|JANE'S DEFENCE WEEKLY - JULY 20, 2005
Norway pushes naval strike missile for JSF
JORIS JANSSEN LOK JDW Special Correspondent
· Kongsberg is developing a multi-purpose stealth cruise missile
· Australia is a possible partner in the scheme
· Norwegian Parliament is to make a decision on a replacement for the F-16 in 2008
Kongsberg Defence & Aerospace and the Royal Norwegian Air Force (RNoAF) are positioning the Kongsberg-developed NSM naval strike missile as the starting point for developing a multi-purpose, stealth cruise missile that could be used by Lockheed Martin's F-35 Joint Strike Fighter (JSF).
Australia is one of the potential partner nations that the Norwegians are looking to for support of such a scheme.
The NSM has been developed, but not yet ordered, as an anti-ship weapon for the new frigates and littoral combat craft of the Royal Norwegian Navy (RNoN).
Kongsberg and the RNoAF are now proposing the development of a multirole variant that would be capable of precision attack against a wide variety of land, littoral and naval targets.
"A study has concluded that it is possible to carry two missiles of this new type - called 'Norseman' or 'Norwegian Multi-Role Missile' - internally in the [F-35A] version of the JSF that is being looked at by Norway," said Lieutenant Colonel Bård Solheim, overall co-ordinator for future fighter capabilities with the RNoAF air operations inspectorate at Rygge Air Station.
"In addition, it will be possible to carry such missiles externally on the JSF, the Eurofighter or a range of other aircraft types," he said in the latest issue of the RNoAF internal publication Luftled.
According to Col Solheim, a 2,000-flying-hour fighter pilot who has
recently supported the NSM flight test programme over the Mediterranean piloting Northrop F-5B chase aircraft, the capability would represent a "unique and cost-saving flexibility".
The NSM is a 3.5 m long, 350 kg stealth missile that is believed to be
capable of a range of around 200 km. The weapon has a 125 kg warhead and a dual-band imaging infra-red seeker for target verification and homing.
Col Solheim said that the RNoAF would be collaborating with Australia in determining the operational requirements and specifications for a
multi-role derivative of NSM. "Like Norway, Australia has sovereign
responsibilities for vast sea and coastal areas and is for that reason
interested in the new multi-role weapon," he claimed.
Col Solheim said that JSF prime contractor Lockheed Martin was also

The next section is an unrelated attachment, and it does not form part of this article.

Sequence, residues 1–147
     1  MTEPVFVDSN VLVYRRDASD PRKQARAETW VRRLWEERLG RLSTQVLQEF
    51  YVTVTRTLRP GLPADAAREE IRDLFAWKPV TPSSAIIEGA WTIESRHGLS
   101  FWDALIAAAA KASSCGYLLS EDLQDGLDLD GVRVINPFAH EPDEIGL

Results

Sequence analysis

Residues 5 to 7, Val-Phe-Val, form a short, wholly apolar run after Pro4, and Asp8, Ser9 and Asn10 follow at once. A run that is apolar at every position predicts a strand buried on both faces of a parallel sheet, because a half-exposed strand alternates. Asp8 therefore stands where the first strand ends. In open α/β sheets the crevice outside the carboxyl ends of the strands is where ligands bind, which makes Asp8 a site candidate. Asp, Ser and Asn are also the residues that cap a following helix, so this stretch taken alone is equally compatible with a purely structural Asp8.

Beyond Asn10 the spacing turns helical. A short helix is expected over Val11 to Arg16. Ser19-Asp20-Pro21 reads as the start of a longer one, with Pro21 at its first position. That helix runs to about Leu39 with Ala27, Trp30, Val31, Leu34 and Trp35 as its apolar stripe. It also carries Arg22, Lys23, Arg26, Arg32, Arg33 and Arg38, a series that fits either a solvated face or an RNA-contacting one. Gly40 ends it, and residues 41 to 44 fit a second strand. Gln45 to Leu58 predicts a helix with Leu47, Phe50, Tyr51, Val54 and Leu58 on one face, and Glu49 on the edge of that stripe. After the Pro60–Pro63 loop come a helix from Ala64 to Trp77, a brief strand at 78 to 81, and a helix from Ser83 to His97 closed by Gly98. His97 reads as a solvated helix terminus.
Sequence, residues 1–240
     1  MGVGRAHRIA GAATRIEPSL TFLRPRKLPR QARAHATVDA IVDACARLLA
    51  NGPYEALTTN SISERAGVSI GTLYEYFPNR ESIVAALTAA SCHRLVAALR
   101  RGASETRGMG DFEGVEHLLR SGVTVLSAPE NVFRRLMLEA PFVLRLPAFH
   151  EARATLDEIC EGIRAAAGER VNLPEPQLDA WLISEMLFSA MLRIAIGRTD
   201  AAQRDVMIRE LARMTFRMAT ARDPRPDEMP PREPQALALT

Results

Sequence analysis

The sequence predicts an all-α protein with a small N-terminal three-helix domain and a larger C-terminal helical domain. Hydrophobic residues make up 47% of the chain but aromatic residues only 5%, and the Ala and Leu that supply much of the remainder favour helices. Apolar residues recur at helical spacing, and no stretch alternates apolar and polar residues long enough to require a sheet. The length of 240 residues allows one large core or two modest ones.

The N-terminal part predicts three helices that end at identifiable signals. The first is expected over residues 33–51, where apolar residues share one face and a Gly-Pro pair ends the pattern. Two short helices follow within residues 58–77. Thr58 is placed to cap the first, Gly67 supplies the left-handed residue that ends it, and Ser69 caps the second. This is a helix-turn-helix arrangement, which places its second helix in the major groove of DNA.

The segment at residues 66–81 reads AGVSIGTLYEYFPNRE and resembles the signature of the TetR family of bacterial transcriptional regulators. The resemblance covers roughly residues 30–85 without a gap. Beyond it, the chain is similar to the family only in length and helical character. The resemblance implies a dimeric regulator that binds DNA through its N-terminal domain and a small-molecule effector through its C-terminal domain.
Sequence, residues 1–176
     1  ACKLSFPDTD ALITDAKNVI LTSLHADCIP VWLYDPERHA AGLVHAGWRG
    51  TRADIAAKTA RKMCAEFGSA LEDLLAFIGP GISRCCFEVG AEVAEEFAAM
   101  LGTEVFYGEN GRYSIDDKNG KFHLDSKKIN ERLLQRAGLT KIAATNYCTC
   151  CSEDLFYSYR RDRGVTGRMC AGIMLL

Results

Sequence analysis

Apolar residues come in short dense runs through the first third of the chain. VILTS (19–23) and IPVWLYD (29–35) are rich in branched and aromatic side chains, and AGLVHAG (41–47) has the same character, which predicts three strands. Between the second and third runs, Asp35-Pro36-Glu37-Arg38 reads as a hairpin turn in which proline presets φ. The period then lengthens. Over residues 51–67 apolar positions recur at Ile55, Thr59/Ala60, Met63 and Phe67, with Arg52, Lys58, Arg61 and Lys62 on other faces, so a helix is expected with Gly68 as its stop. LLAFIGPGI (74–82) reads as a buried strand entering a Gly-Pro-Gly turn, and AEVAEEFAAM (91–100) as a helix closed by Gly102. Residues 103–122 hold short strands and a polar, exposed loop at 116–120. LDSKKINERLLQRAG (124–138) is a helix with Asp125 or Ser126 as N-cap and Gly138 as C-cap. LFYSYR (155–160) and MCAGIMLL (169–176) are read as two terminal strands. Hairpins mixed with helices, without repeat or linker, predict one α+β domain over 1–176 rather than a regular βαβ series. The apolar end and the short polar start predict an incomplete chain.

"strongly in the picture" - despite the fact that the US company itself is marketing a stealth multirole strike missile for use by the JSF: the AGM-158 Joint Air-to-Surface Stand-off Missile (JASSM).
Lockheed Martin's interest in seeing an NSM-derivative integrated onto the JSF would be linked to a perceived need to involve Norway (a Level 3 partner in the JSF system development and demonstration programme) and the country's industry, notably Kongsberg, more deeply in the JSF programme.
According to Kongsberg programme manager Jarle Naess, also quoted in
Luftled, the cost, operational and technical feasibility study for a
multi-role NSM variant will be completed by 1 September 2006.
Norway's parliament is expected to take a decision on the procurement of an F-16 replacement fighter aircraft for the RNoAF during 2008.
Naess said that "ideally, the integration and production of the Norwegian Multi-Role Missile should be part of the overall package that is to be negotiated with either Lockheed Martin [for the F-35A], Eurofighter or other suppliers".
Depending on a green light from the Norwegian government and parliament, the new NSM variant could be ready around 2015 - in time to meet the planned introduction of an F-16 replacement fighter in the RNoAF.
Naess described the future NSM variant as having the ability to
autonomously fly a covert trajectory and find and identify the target using an on-board library of target characteristics.
Alternatively, the missile may also be manually controlled all the way to the target by the pilot in the launching aircraft, the crew of a P-3C Orion patrol aircraft or special forces on the ground, in order to meet stringent rules of engagement that demand positive target identification via datalink.
* On 29 June, Kongsberg and the Norwegian armed forces conducted another successful live firing of an NSM at the French Mediterranean test range off Toulon. According to the company, the missile (designated test round U7) followed a "sophisticated flight path, featuring a number of sharp turns and height and velocity shifts, before striking a target ship."
"The firing test has demonstrated important new functions, further reducing the project risk," said Tom Gerharsen, president of Kongsberg Defence & Aerospace.